Reactivation of L1 retrotransposon by benzo(a)pyrene involves complex genetic and epigenetic regulation.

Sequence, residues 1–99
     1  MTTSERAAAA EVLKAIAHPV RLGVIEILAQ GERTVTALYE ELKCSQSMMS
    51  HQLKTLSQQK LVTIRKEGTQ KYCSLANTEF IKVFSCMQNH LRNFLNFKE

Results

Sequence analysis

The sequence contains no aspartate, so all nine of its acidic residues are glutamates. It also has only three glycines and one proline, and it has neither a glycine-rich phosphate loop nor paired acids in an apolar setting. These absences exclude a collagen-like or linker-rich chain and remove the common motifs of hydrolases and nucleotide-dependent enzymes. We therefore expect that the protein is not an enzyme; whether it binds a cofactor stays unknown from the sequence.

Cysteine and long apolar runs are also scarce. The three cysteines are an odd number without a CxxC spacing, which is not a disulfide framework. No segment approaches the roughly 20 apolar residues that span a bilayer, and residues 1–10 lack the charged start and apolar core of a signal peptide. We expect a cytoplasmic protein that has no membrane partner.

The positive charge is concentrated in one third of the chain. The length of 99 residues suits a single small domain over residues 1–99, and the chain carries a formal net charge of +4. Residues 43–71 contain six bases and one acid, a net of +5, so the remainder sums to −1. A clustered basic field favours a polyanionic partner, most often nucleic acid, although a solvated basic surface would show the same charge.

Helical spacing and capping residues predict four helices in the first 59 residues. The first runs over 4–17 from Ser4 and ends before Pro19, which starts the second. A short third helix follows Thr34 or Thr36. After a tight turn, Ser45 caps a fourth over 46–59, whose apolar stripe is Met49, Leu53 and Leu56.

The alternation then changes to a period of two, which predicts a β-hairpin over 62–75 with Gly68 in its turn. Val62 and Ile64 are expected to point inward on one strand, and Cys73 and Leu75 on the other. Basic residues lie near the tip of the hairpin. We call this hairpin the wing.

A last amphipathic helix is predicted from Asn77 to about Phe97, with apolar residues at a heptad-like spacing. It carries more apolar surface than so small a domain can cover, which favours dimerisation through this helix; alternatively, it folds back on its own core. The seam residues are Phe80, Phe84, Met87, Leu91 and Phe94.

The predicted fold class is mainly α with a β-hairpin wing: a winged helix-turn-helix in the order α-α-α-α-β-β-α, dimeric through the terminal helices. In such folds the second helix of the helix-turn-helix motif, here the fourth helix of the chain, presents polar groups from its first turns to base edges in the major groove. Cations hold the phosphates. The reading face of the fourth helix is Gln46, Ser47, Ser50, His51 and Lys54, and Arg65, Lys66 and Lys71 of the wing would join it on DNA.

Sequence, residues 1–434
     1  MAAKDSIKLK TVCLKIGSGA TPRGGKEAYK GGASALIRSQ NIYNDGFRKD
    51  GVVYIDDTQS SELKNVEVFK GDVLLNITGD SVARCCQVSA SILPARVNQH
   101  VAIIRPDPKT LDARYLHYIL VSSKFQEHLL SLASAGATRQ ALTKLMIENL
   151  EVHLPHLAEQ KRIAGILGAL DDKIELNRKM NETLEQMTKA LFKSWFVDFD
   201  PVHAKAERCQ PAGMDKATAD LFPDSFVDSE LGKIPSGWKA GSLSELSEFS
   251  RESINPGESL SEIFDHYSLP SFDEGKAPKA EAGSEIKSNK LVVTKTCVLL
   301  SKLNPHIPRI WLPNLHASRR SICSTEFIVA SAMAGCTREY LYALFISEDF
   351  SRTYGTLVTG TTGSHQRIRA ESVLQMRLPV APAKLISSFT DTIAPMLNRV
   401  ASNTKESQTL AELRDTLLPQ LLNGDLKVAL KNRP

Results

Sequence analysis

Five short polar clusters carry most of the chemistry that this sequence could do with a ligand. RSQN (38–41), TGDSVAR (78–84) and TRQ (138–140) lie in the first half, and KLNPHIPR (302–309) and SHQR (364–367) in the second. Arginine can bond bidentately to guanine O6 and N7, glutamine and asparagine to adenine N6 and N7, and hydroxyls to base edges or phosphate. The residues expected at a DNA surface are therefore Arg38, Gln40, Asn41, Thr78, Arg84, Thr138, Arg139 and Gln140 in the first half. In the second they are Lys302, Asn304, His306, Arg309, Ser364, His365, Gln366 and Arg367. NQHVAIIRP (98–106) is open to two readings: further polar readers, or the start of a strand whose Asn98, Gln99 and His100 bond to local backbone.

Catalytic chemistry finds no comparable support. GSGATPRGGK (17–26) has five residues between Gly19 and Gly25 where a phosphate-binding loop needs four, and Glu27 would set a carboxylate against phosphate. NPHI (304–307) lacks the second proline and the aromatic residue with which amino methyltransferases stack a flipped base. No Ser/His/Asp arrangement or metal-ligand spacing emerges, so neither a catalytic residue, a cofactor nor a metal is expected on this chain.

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Benzo(a)pyrene (BaP), is an environmental pollutant present in tobacco smoke and a byproduct of fossil fuel combustion which likely contributes to the tumorigenic processes in human cancers including lung and esophageal. Long Interspersed Nuclear Element-1 (LINE-1) or L1 is a mobile element within the mammalian genome that propagates via a "copy-and-paste" mechanism using reverse transcriptase and RNA intermediates. L1 is strongly expressed during early embryogenesis and then silenced as cells initiate differentiation programming. Although the complex transcriptional control mechanisms of L1 are not well understood, L1 reactivation has been described in several human cancers and following exposure of mouse or human cells to BaP. In this study we investigated the molecular mechanisms and epigenetic events that regulate L1 reactivation following BaP exposure. We show that challenge of HeLa cells with BaP induces early enrichment of the transcriptionally-active chromatin markers histone H3 trimethylated at lysine 4 (H3K4Me3) and histone H3 acetylated at lysine 9 (H3K9Ac), and reduces association of DNA methyltransferase-1 (DNMT1) with the L1 promoter. These changes are followed by proteasome-dependent decreases in cellular DNMT1 expression and sustained reduction of cytosine methylation within the L1 promoter CpG island. Pharmacological inhibition of the proteasome signaling pathway with the inhibitor MG132 blocks degradation of DNMT1 and alters BaP-mediated histone epigenetic modifications. We conclude that genetic reactivation of L1 by BaP involves an ordered cascade of epigenetic events that begin with nucleosomal histone modifications and is completed with alterations in DNMT1 recruitment to the L1 promoter and reduced DNA methylation of CpG islands.